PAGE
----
Two years ago I ranked the Academy Award nominees for Best Picture. Last year I guess I forgot to? Well, I’ve done it again! This is my ranking of this year’s nominations. I kept this pretty spoiler free and avoided any specific plot points.
Conventional wisdom would say that I should have put out this blog post before the Academy Awards aired (which was last night). Putting this out that day after the Oscars hopefully shows that these weren’t my predictions of who would win, it’s just how good I believe these movies are, relative to each other.
9) La La Land – I guess it’s the kind of movie a person either loves or
hates doesn’t care for. I like musicals but there’s not even that much singing after subtracting all the times the main characters just dance to songs without lyrics. I also don’t need another movie telling me about how great jazz is (see: Whiplash, same director as La La Land) or how great LA is (it’s so easy to shoot movies there).
8) Fences – This was a play before a movie and it’s easy to tell—there’s so much dialog packed into not much action. Even the baseball the main character likes to hit around for fun is tethered to a tree. I did like the acting a lot and walked out of the theater thinking Denzel Washington might win Best Actor.
7) Hacksaw Ridge – Mel Gibson loves Christianity and blood more than anyone and is on a mission (no pun intended) to prove it. As far as war movies go, I thought it told an interesting story that I feel like wouldn’t otherwise be talked of as much.
6) Hell or High Water – This was a cool film—if a little uncomfortable at times (in an engaging way), I’m guessing that’s why it didn’t have mainstream success. Jeff Bridges is always great and now I want to see Chris Pine star in a series of westerns. Plus there’s a bunch of bank robberies!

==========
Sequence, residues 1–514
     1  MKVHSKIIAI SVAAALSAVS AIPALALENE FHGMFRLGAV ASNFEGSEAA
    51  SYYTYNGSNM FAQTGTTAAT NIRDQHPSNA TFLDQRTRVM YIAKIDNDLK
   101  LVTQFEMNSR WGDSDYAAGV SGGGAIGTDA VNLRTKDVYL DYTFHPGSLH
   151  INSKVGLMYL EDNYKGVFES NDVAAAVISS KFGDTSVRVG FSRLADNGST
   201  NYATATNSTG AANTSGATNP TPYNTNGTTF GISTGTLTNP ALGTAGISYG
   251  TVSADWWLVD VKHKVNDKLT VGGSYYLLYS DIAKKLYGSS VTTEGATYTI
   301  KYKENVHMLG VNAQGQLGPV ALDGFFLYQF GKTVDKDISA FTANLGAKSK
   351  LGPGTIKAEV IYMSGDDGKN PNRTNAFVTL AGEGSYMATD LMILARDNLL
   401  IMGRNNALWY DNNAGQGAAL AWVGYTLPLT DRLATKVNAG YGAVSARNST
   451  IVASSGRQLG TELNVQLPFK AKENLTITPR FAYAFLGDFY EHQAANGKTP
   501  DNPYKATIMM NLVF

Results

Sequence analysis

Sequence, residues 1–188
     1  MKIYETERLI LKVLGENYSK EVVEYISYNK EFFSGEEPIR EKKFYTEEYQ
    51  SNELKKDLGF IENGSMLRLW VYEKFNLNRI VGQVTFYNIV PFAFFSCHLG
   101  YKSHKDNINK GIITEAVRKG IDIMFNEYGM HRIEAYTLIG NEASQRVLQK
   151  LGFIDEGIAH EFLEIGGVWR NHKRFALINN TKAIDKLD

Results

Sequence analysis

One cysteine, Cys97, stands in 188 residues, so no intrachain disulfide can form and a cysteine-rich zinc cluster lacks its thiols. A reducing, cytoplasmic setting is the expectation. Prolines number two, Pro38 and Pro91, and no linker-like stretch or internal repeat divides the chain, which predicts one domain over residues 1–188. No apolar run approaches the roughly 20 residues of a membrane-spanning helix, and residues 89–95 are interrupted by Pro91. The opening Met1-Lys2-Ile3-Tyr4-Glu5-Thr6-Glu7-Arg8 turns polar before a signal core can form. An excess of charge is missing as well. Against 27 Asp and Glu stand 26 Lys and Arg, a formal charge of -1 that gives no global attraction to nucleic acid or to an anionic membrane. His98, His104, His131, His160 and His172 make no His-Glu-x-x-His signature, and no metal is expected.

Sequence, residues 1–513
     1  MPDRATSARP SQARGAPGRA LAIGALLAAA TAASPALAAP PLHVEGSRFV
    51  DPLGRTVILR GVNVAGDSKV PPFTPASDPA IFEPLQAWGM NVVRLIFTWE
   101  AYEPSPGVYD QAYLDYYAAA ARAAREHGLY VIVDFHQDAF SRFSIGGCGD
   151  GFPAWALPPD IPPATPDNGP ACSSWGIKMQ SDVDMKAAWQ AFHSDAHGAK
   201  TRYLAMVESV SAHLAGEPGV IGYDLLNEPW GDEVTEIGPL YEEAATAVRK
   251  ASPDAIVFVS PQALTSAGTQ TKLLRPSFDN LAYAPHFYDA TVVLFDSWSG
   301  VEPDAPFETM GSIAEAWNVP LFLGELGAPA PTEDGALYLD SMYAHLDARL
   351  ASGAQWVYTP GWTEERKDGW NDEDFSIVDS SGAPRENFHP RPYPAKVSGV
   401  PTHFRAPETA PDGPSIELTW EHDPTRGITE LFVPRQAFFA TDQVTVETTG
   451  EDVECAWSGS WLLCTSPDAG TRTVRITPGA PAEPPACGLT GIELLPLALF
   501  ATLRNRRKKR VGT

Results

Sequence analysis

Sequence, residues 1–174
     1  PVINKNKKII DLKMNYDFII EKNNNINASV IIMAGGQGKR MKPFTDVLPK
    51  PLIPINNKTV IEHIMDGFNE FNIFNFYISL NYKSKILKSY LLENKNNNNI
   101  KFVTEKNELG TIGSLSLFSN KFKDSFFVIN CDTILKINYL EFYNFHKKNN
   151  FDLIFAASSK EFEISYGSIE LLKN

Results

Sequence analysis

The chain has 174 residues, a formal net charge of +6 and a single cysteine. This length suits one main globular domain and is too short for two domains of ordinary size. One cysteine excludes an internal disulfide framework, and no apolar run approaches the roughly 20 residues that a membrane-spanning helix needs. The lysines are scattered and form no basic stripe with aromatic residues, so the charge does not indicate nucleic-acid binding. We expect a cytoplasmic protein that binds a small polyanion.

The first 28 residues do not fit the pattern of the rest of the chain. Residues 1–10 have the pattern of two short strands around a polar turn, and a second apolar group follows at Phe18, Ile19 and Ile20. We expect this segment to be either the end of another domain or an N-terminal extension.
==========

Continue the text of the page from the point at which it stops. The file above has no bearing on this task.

5) Arrival – I feel like I’ll get unnecessary hate on this but I liked the movie just fine. For what it’s worth, this was the only nominated film I saw before knowing which films were nominated. I’m also glad Kang and Kodos have gotten a live action movie.
4) Lion – Fascinating story. I think maybe it stuck to the true story a little too much. The beginning of the movie, when the main character is a young boy, is the most interesting part of it all. Then we get to watch him use Google Earth for what seems like an eternity. The end is touching and heartbreaking at the same time.
3) Moonlight – Perhaps the most emotionally complex movie on this list. I sat next to four girls seeing the movie together. After it ended, three of them noticed their friend on the end was crying her eyes out and commented on the fact that she was crying. She then asked the other three, “How can you not?” That being said, it can be a little frustrating watching two hours of a main character who doesn’t like to talk.
2) Manchester by the Sea – Mopey Casey Affleck mopes around. I heard the movie was depressing going into it but I think the part that is supposed to make it the most depressing comes into the movie so quickly, it’s hard to fully digest in the moment. The whole thing is sort of a slow realization of, “Oh, damn, I get it.”
1) Hidden Figures – Great, great, great, movie! Truly the only movie on this list that I had only positive things to say about. It felt real, and funny, and inspiring. The stories were true and not something I had heard about before. It felt like the Imitation Game at times but, just, better. The specifics like with things like IBM, Fortran, and uh, math, all made it interesting without being bogged down by unnecessary or manufactured drama.
When I can’t ride my bike, Lucy, to work, I take the subway. Often I will see people put bags on seats, say to other passengers that they are “saving”